Ten Writers on Writing Advice: 2023

by Staff

For the last six years Poets & Writers Magazine has published Ten Questions, a weekly series that interviews authors of new works of poetry, fiction, and creative nonfiction. The idea is to celebrate the publication of their books while sharing insights about their professional journeys, offering the magazine’s readers both inspiration and practical tools to apply to their own craft and careers. Authors reveal useful, surprising, and sometimes touching details about their writing habits, artistic influences, experience working with agents and editors, and more about their path to publishing everything from debut books to the latest title in an already expansive oeuvre. As 2023 draws to a close, we share some of our favorite responses this year to the question that speaks directly to our desire for some guidance through the often-dark labyrinth of the literary life: What’s the best piece of writing advice you’ve ever received?  

Clockwise from upper left: Jamila Minnicks, Gabrielle Bates, Laird Hunt, Kwame Alexander, Nathan Go, Stacy Jane Grover, Robyn Schiff, Megan Kamalei Kakimoto, Curtis Chin, Claudia Acevedo-Quiñones. (Credit: Minnicks: Samia Minnicks; Bates: Liesa Cole; Hunt: Eva Sikelianos Hunt; Alexander: Portia Wiggins; Go: Crest Contrata; Grover: Elizabeth Keith; Schiff: Nicole Craine; Kakimoto: Van Wishingrad; Chin: Michelle Li, Studio Plum Photography)

“To write your story because no one else can write it. Writers approach the same person or event or era of historical significance through their own unique lens. When we lean into where our hearts guide us, the words on the page reflect our style. It is important to understand craft rules and to read widely, because we see how others follow, and break, those rules. But ultimately our work should reflect our own vision and our own voice.” —Jamila Minnicks, Moon Rise Over New Jessup

“‘Risk clarity.’ —Vievee Francis” —Gabrielle Bates, author of Judas Goat

“The late poet Robert Creeley once turned to me—in light of some self-deprecating remark I had made about my most recent book and projects—and told me, ‘Be serious!’ In a world that seems to care very little about what writers get up to, I have done my best to take that to heart.” —Laird Hunt, author of The Wide Terraqueous World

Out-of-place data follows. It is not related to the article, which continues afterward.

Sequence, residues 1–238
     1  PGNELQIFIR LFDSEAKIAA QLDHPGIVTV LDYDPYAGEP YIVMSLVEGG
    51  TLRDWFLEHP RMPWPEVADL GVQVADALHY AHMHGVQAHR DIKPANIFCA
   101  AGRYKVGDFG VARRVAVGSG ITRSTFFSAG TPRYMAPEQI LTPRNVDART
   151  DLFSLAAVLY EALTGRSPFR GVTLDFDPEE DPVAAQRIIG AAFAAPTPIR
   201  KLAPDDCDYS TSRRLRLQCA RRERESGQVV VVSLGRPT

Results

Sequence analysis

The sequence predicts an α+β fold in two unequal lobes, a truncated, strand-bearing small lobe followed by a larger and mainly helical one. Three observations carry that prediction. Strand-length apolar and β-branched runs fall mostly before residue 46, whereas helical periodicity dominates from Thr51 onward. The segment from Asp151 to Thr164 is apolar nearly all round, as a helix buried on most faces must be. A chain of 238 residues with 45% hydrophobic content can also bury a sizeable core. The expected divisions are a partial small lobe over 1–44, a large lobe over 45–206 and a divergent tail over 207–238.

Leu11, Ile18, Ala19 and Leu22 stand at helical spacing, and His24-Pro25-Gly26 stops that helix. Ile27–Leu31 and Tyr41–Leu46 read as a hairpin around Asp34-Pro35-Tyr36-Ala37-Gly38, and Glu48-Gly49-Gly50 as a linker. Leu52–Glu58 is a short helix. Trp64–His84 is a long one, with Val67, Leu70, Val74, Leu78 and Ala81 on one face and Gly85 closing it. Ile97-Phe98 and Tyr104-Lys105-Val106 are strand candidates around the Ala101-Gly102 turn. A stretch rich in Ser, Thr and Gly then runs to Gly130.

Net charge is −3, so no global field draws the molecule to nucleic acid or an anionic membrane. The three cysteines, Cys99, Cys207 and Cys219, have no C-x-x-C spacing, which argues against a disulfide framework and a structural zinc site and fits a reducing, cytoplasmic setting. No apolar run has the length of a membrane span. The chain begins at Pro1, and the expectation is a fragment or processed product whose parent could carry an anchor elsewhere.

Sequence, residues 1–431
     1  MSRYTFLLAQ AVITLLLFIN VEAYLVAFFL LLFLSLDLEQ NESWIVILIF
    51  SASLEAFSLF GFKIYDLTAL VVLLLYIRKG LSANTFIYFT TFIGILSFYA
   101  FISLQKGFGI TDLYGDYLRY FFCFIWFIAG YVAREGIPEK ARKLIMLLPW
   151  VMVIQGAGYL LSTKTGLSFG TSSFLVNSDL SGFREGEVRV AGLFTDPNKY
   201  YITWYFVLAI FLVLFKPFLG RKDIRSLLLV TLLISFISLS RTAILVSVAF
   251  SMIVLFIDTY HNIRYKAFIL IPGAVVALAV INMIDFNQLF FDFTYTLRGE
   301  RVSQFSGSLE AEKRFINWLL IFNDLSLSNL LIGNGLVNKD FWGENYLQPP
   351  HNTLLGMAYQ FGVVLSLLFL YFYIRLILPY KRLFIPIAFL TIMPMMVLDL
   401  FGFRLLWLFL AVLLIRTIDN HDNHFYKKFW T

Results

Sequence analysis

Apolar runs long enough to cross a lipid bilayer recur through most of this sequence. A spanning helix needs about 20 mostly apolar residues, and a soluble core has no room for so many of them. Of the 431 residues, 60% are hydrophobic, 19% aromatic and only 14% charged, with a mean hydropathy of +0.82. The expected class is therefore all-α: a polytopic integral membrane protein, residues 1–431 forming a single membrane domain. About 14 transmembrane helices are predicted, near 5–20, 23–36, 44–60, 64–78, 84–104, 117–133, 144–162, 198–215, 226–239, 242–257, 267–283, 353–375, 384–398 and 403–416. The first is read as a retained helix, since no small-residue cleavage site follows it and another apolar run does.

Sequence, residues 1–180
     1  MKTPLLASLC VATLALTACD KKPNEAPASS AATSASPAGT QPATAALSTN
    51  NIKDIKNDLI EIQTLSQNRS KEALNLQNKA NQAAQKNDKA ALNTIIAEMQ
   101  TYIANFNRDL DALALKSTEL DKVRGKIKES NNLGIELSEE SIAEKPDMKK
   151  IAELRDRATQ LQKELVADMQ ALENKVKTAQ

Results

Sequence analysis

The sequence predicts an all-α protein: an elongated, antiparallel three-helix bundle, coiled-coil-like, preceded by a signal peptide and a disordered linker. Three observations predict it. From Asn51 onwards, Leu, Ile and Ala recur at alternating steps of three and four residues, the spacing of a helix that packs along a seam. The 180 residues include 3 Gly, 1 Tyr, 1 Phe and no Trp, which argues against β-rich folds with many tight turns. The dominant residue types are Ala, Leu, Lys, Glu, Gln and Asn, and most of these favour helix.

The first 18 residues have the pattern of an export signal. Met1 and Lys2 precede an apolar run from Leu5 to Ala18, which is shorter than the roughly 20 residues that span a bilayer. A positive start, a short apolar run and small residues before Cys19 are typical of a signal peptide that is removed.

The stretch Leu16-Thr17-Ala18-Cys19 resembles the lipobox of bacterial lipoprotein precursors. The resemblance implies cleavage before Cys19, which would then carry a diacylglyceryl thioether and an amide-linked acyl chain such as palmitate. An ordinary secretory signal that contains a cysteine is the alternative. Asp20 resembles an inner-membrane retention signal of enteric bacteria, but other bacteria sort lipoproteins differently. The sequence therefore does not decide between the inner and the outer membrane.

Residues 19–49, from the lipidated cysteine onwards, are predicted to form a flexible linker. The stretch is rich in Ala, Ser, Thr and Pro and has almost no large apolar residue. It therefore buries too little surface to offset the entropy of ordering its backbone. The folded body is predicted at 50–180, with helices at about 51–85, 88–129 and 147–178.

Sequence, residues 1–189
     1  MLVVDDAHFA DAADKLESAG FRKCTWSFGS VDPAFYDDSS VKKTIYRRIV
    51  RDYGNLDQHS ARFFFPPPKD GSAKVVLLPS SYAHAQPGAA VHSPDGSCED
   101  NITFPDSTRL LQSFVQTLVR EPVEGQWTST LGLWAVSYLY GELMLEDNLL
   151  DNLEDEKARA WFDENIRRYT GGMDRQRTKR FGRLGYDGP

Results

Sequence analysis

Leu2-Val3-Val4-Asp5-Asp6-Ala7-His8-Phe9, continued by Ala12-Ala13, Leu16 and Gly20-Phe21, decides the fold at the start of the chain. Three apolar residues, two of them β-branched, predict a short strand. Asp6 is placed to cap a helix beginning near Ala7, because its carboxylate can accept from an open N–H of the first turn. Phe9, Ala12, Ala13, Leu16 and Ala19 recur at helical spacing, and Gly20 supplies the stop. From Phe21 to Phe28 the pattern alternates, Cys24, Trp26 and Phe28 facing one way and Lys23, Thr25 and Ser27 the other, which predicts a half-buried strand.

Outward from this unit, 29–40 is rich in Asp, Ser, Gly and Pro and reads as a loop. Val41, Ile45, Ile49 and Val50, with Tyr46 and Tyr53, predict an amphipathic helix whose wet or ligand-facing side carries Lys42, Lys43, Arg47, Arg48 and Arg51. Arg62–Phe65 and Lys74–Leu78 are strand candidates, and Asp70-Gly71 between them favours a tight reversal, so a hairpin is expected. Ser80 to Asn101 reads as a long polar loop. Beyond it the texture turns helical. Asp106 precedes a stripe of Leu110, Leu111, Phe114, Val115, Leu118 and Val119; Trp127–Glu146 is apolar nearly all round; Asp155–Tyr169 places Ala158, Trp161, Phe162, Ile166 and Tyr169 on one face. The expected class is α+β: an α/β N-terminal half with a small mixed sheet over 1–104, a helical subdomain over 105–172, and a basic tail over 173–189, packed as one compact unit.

“As I write in the book, frustrated after receiving a C-minus in Nikki Giovanni’s advanced poetry class in college, I scheduled an appointment with her during her office hours. She told me, ‘Kwame, I can teach you how to write poetry, but I cannot teach you how to be interesting.’ While nineteen-year-old me thought those were pretty harsh words, it turns out that I have spent my entire writerly life walking around as an eager and engaged participant so I’d have something worth writing about.” —Kwame Alexander, author of Why Fathers Cry at Night: A Memoir in Love Poems, Recipes, Letters, and Remembrances

“All rules of writing are there to be broken. Otherwise, if we just simply follow all the rules, it’s not art: It’s ChatGPT, or artificial intelligence (AI). The paradox is that while we’re still learning to write, we do have to learn the rules. Only then can we become good enough to break them and form our own rules. I wonder if that’s what would differentiate human writers from AI.” —Nathan Go, author of Forgiving Imelda Marcos

“In Beyond the Writers’ Workshop: New Ways to Write Creative Nonfiction, Carol Bly writes, ‘Literature has low enough standards. But we can avoid writing the worst literature if we make ourselves ask ourselves, every two or three sentences we write, “Is that what I really think?’’”  —Stacy Jane Grover, author of Tar Hollow Trans

“Read more than you write.” —Robyn Schiff, author of Information Desk: An Epic

“I think a lot about something Kimberly King Parsons and Chelsea Bieker taught in their class called ‘Rejection, Revision, and Renewal,’ especially as I move into promoting the collection. I even wrote it on a note card and taped it to my desk: ‘Keep your head down and shut out the noise, because nothing beats a good writing day.’” —Megan Kamalei Kakimoto, author of Every Drop Is a Man’s Nightmare

“Have fun. Make friends.” —Curtis Chin, author of Everything I Learned, I Learned in a Chinese Restaurant

“Marry rich! (I didn’t take that advice.) The second-best piece of advice was to start something new when I’m in a rut. We have to have a little fun, too, if we want to stay in love with what we do. After The Hurricane Book is out, you best believe I’ll be working on some sci-fi erotica for a bit.” — Claudia Acevedo-Quiñones, author of The Hurricane Book: A Lyric History